An article in the Washington Post, ‘Pro-Life’ Drugstores Market Beliefs: No Contraceptives For Chantilly Shop, introduced me to the concept of a “Pro-life Drugstore.” This is a place were prescriptions are filled, but not for prophylactics, birth control, or Plan-B:
When DMC Pharmacy opens this summer on Route 50 in Chantilly, the shelves will be stocked with allergy remedies, pain relievers, antiseptic ointments and almost everything else sold in any drugstore. But anyone who wants condoms, birth control pills or the Plan B emergency contraceptive will be turned away.
That’s because the drugstore, located in a typical shopping plaza featuring a Ruby Tuesday, a Papa John’s and a Kmart, will be a “pro-life pharmacy” — meaning, among other things, that it will eschew all contraceptives.
The pharmacy is one of a small but growing number of drugstores around the country that have become the latest front in a conflict pitting patients’ rights against those of health-care workers who assert a “right of conscience” to refuse to provide care or products that they find objectionable.
“The United States was founded on the idea that people act on their conscience — that they have a sense of right and wrong and do what they think is right and moral,” said Tom Brejcha, president and chief counsel at the Thomas More Society, a Chicago public-interest law firm that is defending a pharmacist who was fined and reprimanded for refusing to fill prescriptions for birth control pills. “Every pharmacist has the right to do the same thing,” Brejcha said.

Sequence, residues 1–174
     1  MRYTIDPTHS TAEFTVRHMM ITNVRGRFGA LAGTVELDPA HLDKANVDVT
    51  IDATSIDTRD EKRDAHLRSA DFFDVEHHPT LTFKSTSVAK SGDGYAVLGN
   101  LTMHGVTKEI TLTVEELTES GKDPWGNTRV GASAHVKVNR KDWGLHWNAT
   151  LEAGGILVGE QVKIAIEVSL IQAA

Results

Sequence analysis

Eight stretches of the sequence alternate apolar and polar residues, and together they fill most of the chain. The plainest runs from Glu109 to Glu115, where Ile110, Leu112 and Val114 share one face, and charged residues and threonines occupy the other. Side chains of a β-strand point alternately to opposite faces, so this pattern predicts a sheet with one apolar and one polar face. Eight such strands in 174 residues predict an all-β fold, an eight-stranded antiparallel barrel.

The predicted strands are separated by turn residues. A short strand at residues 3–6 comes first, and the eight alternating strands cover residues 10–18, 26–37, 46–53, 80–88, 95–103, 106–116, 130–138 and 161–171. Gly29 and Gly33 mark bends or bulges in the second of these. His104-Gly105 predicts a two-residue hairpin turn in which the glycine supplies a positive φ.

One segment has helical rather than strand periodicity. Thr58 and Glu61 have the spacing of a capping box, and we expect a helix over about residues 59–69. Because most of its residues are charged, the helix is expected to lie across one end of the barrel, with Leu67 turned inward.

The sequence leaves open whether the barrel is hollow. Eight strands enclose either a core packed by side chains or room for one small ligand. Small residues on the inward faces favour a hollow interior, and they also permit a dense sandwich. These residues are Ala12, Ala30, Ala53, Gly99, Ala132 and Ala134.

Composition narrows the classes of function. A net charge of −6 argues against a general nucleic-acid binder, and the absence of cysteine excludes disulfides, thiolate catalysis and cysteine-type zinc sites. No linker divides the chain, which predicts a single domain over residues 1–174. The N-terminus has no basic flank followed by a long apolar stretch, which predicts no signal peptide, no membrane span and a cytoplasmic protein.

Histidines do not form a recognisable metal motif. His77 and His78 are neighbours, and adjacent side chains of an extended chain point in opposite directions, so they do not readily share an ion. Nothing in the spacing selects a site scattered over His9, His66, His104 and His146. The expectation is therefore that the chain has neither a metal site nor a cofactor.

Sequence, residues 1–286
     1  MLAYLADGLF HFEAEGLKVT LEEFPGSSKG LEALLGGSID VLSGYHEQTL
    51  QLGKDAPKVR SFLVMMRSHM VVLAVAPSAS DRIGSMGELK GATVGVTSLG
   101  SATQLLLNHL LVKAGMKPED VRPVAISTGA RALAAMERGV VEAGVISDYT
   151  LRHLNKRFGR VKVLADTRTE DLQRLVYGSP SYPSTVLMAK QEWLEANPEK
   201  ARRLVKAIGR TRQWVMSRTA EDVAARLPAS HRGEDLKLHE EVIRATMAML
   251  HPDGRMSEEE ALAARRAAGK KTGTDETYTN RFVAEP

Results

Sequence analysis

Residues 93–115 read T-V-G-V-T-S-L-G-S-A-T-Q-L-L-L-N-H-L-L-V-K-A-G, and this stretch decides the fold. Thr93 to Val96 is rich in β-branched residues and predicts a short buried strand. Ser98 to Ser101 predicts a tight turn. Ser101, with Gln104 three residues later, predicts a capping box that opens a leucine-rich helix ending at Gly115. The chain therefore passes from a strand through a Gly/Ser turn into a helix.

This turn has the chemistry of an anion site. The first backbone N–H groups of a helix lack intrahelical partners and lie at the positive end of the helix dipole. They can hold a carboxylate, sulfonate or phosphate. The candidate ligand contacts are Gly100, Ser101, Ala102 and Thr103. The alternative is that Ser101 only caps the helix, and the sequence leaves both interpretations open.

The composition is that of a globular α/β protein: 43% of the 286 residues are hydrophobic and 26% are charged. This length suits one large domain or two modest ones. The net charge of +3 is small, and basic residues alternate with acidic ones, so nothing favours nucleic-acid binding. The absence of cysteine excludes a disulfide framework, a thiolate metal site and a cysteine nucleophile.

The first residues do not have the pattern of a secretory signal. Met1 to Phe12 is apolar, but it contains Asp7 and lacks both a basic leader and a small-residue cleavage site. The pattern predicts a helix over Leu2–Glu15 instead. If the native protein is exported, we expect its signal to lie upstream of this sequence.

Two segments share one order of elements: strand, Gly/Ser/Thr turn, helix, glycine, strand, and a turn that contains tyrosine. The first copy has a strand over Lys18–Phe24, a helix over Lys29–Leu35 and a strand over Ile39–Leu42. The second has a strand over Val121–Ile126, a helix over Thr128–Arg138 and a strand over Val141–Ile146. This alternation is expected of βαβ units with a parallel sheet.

They cite a think tank who has the same immediate objection that comes to my mind:
“If you are a health-care professional, you are bound by professional obligations,” said Nancy Berlinger, deputy director of the Hastings Center, a bioethics think tank in Garrison, N.Y. “You can’t say you won’t do part of that profession.”
There’s a good article here about why faith must not trump the Hippocratic oath. It’s for the same reason that in diagnosis Doctors follow established statistical treatment plans; they’re proven to optimally treat patients. Some religions don’t allow blood-transfusions, yet they are critical processes for recovery in many severe traumas. As a medical professional, can you ethically refuse to dispense a medication simply because you find it personally distasteful?
Many sources are reporting the cnet post Creata an e-nnoyance, go to jail, which notes that a new recently passed law (Violence Against Women and Department of Justice Reauthorization Act of 2005) outlaws anonymous annoying:
SEC. 113. PREVENTING CYBERSTALKING.
(a) In General- Paragraph (1) of section 223(h) of the Communications Act of 1934 (47 U.S.C. 223(h)(1)) is amended–
(1) in subparagraph (A), by striking `and’ at the end;
(2) in subparagraph (B), by striking the period at the end and inserting `; and'; and
(3) by adding at the end the following new subparagraph:
`(C) in the case of subparagraph (C) of subsection (a)(1), includes any device or software that can be used to originate telecommunications or other types of communications that are transmitted, in whole or in part, by the Internet (as such term is defined in section 1104 of the Internet Tax Freedom Act (47 U.S.C. 151 note)).’.
(b) Rule of Construction- This section and the amendment made by this section may not be construed to affect the meaning given the term `telecommunications device’ in section 223(h)(1) of the Communications Act of 1934, as in effect before the date of the enactment of this section.
This rewrites an older law prohibiting telephone annoying. The nice thing about it, technically, is that no online communication is anonymous because you leave comments with a unique IP address. So bloggers, you’re safe.
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